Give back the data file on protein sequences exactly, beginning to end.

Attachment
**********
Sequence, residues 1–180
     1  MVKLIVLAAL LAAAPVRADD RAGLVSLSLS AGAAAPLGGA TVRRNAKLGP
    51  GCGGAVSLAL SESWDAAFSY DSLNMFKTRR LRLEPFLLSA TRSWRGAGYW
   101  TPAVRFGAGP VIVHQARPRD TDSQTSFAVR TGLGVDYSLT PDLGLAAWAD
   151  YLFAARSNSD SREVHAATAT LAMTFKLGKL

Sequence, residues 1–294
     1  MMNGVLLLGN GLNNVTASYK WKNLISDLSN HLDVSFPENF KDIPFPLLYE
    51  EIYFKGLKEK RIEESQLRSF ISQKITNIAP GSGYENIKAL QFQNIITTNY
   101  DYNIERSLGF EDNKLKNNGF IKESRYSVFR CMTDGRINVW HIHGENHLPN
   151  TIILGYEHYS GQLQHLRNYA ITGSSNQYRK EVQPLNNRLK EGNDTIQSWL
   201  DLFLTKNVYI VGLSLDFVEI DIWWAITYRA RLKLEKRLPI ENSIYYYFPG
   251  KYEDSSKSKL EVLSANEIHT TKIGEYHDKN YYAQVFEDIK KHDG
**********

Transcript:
Sequence, residues 1–180
     1  MVKLIVLAAL LAAAPVRADD RAGLVSLSLS AGAAAPLGGA TVRRNAKLGP
    51  GCGGAVSLAL SESWDAAFSY DSLNMFKTRR LRLEPFLLSA TRSWRGAGYW
   101  TPAVRFGAGP VIVHQARPRD TDSQTSFAVR TGLGVDYSLT PDLGLAAWAD
   151  YLFAARSNSD SREVHAATAT LAMTFKLGKL

Sequence, residues 1–294
     1  MMNGVLLLGN GLNNVTASYK WKNLISDLSN HLDVSFPENF KDIPFPLLYE
    51  EIYFKGLKEK RIEESQLRSF ISQKITNIAP GSGYENIKAL QFQNIITTNY
   101  DYNIERSLGF EDNKLKNNGF IKESRYSVFR CMTDGRINVW HIHGENHLPN
   151  TIILGYEHYS GQLQHLRNYA ITGSSNQYRK EVQPLNNRLK EGNDTIQSWL
   201  DLFLTKNVYI VGLSLDFVEI DIWWAITYRA RLKLEKRLPI ENSIYYYFPG
   251  KYEDSSKSKL EVLSANEIHT TKIGEYHDKN YYAQVFEDIK KHDG